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John McCulloch - Operator Interface Design

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Alarm Management

Operator Interface Design

Dynamic Simulation

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The "Cool Screen" Concept

Sample Operator Interface Display
Those who have read my page on Alarm Management will realise that clear and easily assimilable display of alarms and alarm-related information is fundamental to the effective handling of disturbances. My approach to Operator Interface Design centres around the "Cool Screen" Concept. In this, alarms and other information indicating abnormalities are displayed in hot, bright colours, (red, yellow, orange, magenta and white), and all "normal" information is displayed in cool, dull colours, (blue, green, grey, teal, brown and black).

This philosophy goes against much research into Man-Machine Interface design. There is a good reason for this. Most MMI research is aimed at first time users, members of the public at air terminals or railway stations trying to make sense of the displays to buy tickets and to get to the right destination. The process operator is in a very different situation. He is using the same displays day after day. He sits in front of the screen for 8, sometimes 12, hours at a time. It is very important to him that the displays are restful and dull or he will be stressed by them and will soon suffer fatigue.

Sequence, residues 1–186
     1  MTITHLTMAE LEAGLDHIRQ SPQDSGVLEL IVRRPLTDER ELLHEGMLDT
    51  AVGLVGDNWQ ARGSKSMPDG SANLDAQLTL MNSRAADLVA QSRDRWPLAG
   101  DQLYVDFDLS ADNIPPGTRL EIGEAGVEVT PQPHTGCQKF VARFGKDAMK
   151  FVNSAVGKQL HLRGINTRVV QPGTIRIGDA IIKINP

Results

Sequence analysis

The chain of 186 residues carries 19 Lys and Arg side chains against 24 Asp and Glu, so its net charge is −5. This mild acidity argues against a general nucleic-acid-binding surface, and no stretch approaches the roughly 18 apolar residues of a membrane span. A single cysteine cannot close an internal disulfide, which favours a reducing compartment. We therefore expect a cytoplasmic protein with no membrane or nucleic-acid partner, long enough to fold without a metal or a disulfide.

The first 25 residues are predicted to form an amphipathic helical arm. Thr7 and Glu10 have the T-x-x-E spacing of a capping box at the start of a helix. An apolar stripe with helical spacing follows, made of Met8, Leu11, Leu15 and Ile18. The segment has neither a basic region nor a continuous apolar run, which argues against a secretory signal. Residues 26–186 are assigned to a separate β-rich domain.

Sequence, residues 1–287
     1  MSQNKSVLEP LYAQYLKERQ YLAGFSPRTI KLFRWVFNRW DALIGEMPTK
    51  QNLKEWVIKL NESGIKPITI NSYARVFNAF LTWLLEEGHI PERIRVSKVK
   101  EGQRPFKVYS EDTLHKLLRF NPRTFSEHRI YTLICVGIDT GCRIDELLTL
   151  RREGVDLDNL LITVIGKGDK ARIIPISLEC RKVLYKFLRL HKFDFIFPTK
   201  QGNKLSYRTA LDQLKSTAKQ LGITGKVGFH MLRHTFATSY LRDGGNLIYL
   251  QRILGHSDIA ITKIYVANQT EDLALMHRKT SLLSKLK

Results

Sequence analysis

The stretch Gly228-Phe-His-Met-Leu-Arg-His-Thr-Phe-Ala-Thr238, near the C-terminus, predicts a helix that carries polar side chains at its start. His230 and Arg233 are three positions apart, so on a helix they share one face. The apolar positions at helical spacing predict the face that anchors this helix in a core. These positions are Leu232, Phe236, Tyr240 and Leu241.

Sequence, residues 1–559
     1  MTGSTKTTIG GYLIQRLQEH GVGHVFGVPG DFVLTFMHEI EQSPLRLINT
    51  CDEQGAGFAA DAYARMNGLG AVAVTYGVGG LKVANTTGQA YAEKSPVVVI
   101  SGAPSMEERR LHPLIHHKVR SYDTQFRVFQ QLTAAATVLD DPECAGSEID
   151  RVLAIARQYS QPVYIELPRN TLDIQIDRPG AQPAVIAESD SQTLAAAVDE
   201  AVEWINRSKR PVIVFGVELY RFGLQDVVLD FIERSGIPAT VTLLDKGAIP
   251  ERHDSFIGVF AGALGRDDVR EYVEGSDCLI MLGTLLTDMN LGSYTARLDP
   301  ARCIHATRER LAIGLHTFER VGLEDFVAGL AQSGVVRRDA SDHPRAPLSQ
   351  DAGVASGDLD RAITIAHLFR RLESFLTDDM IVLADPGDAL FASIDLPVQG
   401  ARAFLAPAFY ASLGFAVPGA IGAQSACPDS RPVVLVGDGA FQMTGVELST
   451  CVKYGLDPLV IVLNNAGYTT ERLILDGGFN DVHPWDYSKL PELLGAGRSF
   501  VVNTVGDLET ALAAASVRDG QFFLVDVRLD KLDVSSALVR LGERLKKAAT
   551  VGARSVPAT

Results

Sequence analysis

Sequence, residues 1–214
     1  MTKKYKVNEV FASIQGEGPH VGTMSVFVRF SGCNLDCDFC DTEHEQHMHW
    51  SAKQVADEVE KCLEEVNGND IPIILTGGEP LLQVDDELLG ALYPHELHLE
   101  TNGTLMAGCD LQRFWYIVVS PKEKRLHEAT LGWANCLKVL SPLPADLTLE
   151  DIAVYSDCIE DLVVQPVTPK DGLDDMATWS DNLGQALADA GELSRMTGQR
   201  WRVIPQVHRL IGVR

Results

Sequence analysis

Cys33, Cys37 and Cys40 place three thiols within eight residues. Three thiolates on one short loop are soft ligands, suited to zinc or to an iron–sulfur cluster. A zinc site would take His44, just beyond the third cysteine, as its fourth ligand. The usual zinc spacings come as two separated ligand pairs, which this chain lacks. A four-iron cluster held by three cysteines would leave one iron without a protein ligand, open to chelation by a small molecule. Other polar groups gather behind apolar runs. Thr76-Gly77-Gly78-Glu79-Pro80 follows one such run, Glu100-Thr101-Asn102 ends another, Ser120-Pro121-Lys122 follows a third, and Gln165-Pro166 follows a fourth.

The only time that the displays start to flash and show bright, hot colours is when something is going wrong on the plant, and then he needs to be woken up and to feel an adrenalin rush.

I have experience of setting the Operator Interface Design philosophy for a new plant and reinstrumentation projects. This involves defining the interface mechanisms for information retrieval and for operator actions, (controller set-point, output and mode changes, batch start, stop, abort and continue commands). By defining the building blocks correctly at the start of the project, a consistent overall look and feel is presented to the operator which is efficient to use and satisfies his operational needs.

I have experience with Honeywell TDC 3000 and TPS, with Invensys IA and with Emerson DeltaV control systems, and I can easily learn others.

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This page last updated on 2013-08-06 JGM